A Chinese survey ship returned to Vietnam’s exclusive economic zone off its coast on Tuesday, ship tracking data showed, less than a week after it left the area where vessels from the two countries were locked in a month-long standoff.
The Haiyang Dizhi 8 first entered the zone under Chinese coast guard escort in July and appeared to conduct a seismic survey of waters that are a potential global flashpoint as the United States challenges China’s maritime claims.
The survey ship, which according to Vietnam left the area on Aug. 7, was now headed back to the zone under escort from at least two Chinese Coast Guard vessels, according to data from Marine Traffic, a website that tracks vessel movements.
Since the standoff began, Chinese coastguard ships have also been operating within a Vietnamese oil block where a rig leased by Russian oil giant Rosneft has been drilling, the data showed.
Vietnam’s foreign ministry did not immediately respond to a Reuters request for comment.
Last month, Vietnam accused the survey ship and its escorts of conducting illegal activities in the economic zone and Vietnam’s continental shelf and demanded that China withdraw the vessels.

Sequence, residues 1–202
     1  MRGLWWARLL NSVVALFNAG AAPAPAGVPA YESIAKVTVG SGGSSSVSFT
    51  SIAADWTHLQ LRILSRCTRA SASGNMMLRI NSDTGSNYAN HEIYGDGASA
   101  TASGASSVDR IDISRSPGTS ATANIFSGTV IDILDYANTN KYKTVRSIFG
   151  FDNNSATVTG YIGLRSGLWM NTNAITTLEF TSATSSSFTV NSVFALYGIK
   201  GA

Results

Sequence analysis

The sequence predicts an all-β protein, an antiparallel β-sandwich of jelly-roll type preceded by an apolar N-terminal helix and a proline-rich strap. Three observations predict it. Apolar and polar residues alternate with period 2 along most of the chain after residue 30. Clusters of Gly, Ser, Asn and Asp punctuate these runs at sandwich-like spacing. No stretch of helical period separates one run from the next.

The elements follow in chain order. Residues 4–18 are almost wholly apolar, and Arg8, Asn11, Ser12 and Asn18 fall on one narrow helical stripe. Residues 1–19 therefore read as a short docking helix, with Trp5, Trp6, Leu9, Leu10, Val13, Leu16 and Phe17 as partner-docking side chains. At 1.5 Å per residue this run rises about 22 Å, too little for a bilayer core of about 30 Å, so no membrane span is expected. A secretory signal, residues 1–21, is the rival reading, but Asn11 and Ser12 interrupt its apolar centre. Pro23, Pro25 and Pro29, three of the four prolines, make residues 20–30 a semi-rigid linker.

After it left the area, the survey ship docked at Fiery Cross Reef, a man-made island controlled by China and built on a disputed South China Sea reef that is claimed by Vietnam and the Philippines.
The impasse has fueled anti-Chinese sentiment in Vietnam, where previous tension between Beijing and Hanoi over the disputed waters has triggered protests.
Police last week broke up a brief protest outside China’s embassy in Hanoi against the operations of the survey vessel and its escorts.
U.S. Secretary of State Mike Pompeo has criticized Chinese “coercion” in the disputed South China Sea, while Beijing’s top diplomat, Wang Yi, said last month that maritime problems involving Vietnam should not interfere with two-way ties.